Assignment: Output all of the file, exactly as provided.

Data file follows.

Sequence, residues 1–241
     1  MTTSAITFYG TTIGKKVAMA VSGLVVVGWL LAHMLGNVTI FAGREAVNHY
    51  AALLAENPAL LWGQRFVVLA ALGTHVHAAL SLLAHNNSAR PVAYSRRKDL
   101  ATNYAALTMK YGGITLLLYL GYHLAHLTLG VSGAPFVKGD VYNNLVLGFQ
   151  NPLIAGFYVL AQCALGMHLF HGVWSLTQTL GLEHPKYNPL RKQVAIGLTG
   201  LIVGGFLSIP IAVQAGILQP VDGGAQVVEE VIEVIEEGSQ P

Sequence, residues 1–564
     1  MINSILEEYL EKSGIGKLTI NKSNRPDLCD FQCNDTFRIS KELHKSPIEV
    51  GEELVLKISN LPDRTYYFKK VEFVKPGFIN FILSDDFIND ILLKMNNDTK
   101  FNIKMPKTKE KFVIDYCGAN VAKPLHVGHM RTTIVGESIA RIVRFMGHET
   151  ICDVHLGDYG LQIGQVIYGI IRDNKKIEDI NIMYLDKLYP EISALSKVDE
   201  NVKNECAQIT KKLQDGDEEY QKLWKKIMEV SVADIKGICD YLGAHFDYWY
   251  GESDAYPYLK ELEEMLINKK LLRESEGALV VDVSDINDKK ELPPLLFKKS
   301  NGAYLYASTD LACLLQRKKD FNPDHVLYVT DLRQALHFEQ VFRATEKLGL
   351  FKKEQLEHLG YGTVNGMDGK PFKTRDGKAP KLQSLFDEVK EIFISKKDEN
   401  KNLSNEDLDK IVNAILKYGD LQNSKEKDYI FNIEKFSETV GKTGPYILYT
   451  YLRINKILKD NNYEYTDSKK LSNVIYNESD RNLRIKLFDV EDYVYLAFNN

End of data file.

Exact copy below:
Sequence, residues 1–241
     1  MTTSAITFYG TTIGKKVAMA VSGLVVVGWL LAHMLGNVTI FAGREAVNHY
    51  AALLAENPAL LWGQRFVVLA ALGTHVHAAL SLLAHNNSAR PVAYSRRKDL
   101  ATNYAALTMK YGGITLLLYL GYHLAHLTLG VSGAPFVKGD VYNNLVLGFQ
   151  NPLIAGFYVL AQCALGMHLF HGVWSLTQTL GLEHPKYNPL RKQVAIGLTG
   201  LIVGGFLSIP IAVQAGILQP VDGGAQVVEE VIEVIEEGSQ P

Sequence, residues 1–564
     1  MINSILEEYL EKSGIGKLTI NKSNRPDLCD FQCNDTFRIS KELHKSPIEV
    51  GEELVLKISN LPDRTYYFKK VEFVKPGFIN FILSDDFIND ILLKMNNDTK
   101  FNIKMPKTKE KFVIDYCGAN VAKPLHVGHM RTTIVGESIA RIVRFMGHET
   151  ICDVHLGDYG LQIGQVIYGI IRDNKKIEDI NIMYLDKLYP EISALSKVDE
   201  NVKNECAQIT KKLQDGDEEY QKLWKKIMEV SVADIKGICD YLGAHFDYWY
   251  GESDAYPYLK ELEEMLINKK LLRESEGALV VDVSDINDKK ELPPLLFKKS
   301  NGAYLYASTD LACLLQRKKD FNPDHVLYVT DLRQALHFEQ VFRATEKLGL
   351  FKKEQLEHLG YGTVNGMDGK PFKTRDGKAP KLQSLFDEVK EIFISKKDEN
   401  KNLSNEDLDK IVNAILKYGD LQNSKEKDYI FNIEKFSETV GKTGPYILYT
   451  YLRINKILKD NNYEYTDSKK LSNVIYNESD RNLRIKLFDV EDYVYLAFNN